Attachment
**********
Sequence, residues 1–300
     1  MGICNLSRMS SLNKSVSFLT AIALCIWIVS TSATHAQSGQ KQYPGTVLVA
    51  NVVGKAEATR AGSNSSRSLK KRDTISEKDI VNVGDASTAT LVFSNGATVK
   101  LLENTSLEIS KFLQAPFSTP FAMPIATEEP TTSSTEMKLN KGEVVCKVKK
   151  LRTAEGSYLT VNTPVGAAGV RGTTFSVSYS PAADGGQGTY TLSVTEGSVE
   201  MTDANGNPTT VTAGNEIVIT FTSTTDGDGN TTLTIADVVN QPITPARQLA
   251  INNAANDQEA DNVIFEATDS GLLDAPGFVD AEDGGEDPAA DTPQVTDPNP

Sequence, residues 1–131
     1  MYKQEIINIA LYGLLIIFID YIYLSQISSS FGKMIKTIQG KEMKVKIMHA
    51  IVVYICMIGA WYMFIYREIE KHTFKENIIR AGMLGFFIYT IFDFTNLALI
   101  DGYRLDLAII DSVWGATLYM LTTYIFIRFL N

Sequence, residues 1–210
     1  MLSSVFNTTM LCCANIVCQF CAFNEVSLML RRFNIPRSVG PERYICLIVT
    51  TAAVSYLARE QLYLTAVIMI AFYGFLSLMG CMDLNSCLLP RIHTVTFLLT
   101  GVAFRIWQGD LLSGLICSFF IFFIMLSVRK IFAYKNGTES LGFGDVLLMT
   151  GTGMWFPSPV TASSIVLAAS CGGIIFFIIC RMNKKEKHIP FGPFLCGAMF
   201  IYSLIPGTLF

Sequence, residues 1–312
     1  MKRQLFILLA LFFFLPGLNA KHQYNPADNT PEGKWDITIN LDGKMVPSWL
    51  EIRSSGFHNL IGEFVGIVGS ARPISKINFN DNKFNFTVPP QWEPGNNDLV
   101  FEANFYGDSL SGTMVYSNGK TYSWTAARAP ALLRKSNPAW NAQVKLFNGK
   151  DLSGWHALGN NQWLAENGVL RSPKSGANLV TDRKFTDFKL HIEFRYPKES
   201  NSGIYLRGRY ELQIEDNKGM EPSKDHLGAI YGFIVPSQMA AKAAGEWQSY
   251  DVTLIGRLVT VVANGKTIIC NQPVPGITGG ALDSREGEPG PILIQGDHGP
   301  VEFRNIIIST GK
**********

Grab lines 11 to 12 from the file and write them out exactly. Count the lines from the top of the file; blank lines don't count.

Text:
   101  DGYRLDLAII DSVWGATLYM LTTYIFIRFL N

Sequence, residues 1–210